(This guest post originally appeared at Gregor.us)
Exxon is like the government. It’s constitutionally unable to face reality. This has been the case for some years now, and has been reflected in their refusal to accept that spending billions annually would not result in any appreciable growth in their oil reserves. I’ve been snickering for years at XOM’s stuck-in-time approach. Here’s a snippet of a post of mine from a year ago, Advice to Major XOM.
Like sands through the hourglass, so are the days of ExxonMobil. Each year brings a new promise to grow production and build reserves “the old fashioned way.” They spend 20 billion. They spend 40 billion. The CEO is interviewed, and gives his patient outlook on the price of oil. (has no idea). Cash builds up on the balance sheet. The company is praised, for not being aggressive. The company is criticised, for not being aggressive. More cash builds up on the balance sheet. Investor groups become alarmed, at an apparent lack of strategy. Production stays flat, year after year. Reserve replacement flattens.
When Rex Tillerson was made CEO of ExxonMobil a few years ago he was asked for his outlook on the price of oil. Rex stated that was not his job, and that frankly he didn’t care. Now, that’s probably the kind of attitude that caused the Rockefeller heirs to probe the board, for a new strategy. While misunderstood as a push for investment in Alternative Energy, the Rockefeller group was correctly identifying the fact that Exxon was led by an intellectually incurious CEO, and that the company was sleepwalking its way into a paradigm shift in energy supply. Spending 20 billion a year just to keep production and reserves flat does, indeed, indicate a state of denial.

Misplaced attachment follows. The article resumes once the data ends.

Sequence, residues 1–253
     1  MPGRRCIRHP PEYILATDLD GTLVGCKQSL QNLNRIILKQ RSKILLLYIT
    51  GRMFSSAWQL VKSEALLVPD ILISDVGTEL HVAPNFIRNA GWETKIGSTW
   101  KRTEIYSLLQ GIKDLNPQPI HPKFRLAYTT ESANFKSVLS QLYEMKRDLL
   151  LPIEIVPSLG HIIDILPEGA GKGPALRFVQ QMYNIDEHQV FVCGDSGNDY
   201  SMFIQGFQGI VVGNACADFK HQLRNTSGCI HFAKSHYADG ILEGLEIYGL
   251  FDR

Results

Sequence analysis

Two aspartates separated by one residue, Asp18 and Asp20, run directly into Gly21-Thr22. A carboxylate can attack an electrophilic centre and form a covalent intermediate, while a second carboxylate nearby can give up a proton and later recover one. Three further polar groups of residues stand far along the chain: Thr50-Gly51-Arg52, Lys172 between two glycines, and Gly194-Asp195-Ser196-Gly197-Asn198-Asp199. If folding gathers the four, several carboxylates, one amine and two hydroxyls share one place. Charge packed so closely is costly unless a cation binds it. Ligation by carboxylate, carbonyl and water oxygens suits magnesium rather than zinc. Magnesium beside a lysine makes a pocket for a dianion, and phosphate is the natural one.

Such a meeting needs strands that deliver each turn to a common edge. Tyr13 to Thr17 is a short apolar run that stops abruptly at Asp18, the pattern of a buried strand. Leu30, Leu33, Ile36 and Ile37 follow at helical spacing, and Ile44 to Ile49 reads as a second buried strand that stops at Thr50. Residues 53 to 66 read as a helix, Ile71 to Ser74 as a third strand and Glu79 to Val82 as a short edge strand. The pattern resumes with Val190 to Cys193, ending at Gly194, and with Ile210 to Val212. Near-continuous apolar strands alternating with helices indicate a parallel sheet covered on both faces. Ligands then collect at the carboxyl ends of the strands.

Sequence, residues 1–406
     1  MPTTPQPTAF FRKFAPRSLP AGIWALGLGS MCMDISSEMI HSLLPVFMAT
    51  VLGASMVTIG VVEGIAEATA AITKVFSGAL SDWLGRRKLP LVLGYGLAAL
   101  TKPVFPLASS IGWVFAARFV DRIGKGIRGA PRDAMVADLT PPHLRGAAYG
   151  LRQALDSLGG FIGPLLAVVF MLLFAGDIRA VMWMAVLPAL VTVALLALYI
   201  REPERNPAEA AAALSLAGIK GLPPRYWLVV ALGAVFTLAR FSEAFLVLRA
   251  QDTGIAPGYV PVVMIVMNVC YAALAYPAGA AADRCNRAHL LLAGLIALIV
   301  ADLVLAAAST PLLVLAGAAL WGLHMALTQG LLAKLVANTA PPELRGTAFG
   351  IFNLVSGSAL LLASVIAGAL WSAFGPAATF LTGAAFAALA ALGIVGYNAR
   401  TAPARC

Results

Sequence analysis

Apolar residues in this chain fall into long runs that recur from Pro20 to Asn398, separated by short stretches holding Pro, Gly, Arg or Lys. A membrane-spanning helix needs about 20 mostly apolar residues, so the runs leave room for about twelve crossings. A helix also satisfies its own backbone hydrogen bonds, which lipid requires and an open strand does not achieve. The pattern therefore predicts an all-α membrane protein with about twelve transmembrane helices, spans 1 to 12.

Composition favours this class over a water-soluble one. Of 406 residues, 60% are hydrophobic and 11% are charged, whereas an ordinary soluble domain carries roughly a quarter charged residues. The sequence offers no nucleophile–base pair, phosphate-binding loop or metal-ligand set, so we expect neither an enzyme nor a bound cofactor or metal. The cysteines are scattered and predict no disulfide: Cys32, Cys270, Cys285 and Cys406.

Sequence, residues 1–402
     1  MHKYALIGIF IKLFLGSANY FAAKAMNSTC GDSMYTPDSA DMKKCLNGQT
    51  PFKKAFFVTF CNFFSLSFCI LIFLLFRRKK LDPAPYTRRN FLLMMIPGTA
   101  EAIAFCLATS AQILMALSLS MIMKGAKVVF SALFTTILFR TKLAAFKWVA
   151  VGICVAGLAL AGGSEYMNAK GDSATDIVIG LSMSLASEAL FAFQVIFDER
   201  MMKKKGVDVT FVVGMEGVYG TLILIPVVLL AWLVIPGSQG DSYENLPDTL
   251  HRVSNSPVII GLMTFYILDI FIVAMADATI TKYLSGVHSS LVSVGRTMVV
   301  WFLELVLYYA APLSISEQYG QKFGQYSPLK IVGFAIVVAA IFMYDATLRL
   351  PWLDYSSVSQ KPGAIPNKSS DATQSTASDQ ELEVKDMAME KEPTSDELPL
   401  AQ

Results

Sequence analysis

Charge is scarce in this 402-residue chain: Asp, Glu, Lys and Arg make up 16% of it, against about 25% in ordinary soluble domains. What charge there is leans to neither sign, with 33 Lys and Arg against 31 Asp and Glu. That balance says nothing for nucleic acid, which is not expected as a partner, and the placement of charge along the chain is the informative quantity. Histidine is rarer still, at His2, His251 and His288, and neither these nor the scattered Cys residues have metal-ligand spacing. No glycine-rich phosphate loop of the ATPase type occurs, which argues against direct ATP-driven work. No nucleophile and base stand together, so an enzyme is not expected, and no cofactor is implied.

Whether Exxon’s corporate culture of denial has changed or not is unclear. However, Exxon today has purchased for itself one of the best run Natural Gas producers in the United States, with its all stock deal for XTO. (they should have paid cash and de-hoarded some of their dollars). XTO, Run by Bob Simpson, has assembled a fine collection of shale NG properties and conventional oil production in the continental US over the past five years, and is quite the prize. One wonders if XOM will have to compete a bit further, however, before the deal is actually closed.
A more poignant and broader question however is as follows: does Exxon see a shift coming, finally, to energy policy in the US that would favour natural gas? Given XOM’s devotion to doing things the old-fashioned way, I say maybe. But unlikely. I doubt very much Exxon would make a deal that would depend on the whims of future policy decisions, out of Washington. No, Exxon makes deals based on the hard-bitten truths and laws that oilmen of old would live by. So while I can’t give them credit for having any vision, they do know history. And that’s what you get with Exxon, visionless management–but safe, disciplined management.
Perhaps this is an apt moment to post the most recently updated chart of Non-OPEC crude oil production. Because that’s the real reason for today’s deal. Developing new oil production here in the West, except on a small scale, is tough. Exxon is too big to add reserves therefore on the oil side through development. Indeed, in recent years, Exxon has not been able to boost its annual reserve replacement ratio above 100% via oil. So instead, it obtains reserves of BTU’s another way, via natural gas. Needless to say, but this puts a finer point on how all the global majors will add to reserves in the years ahead: through more acquisitions of North American NG.
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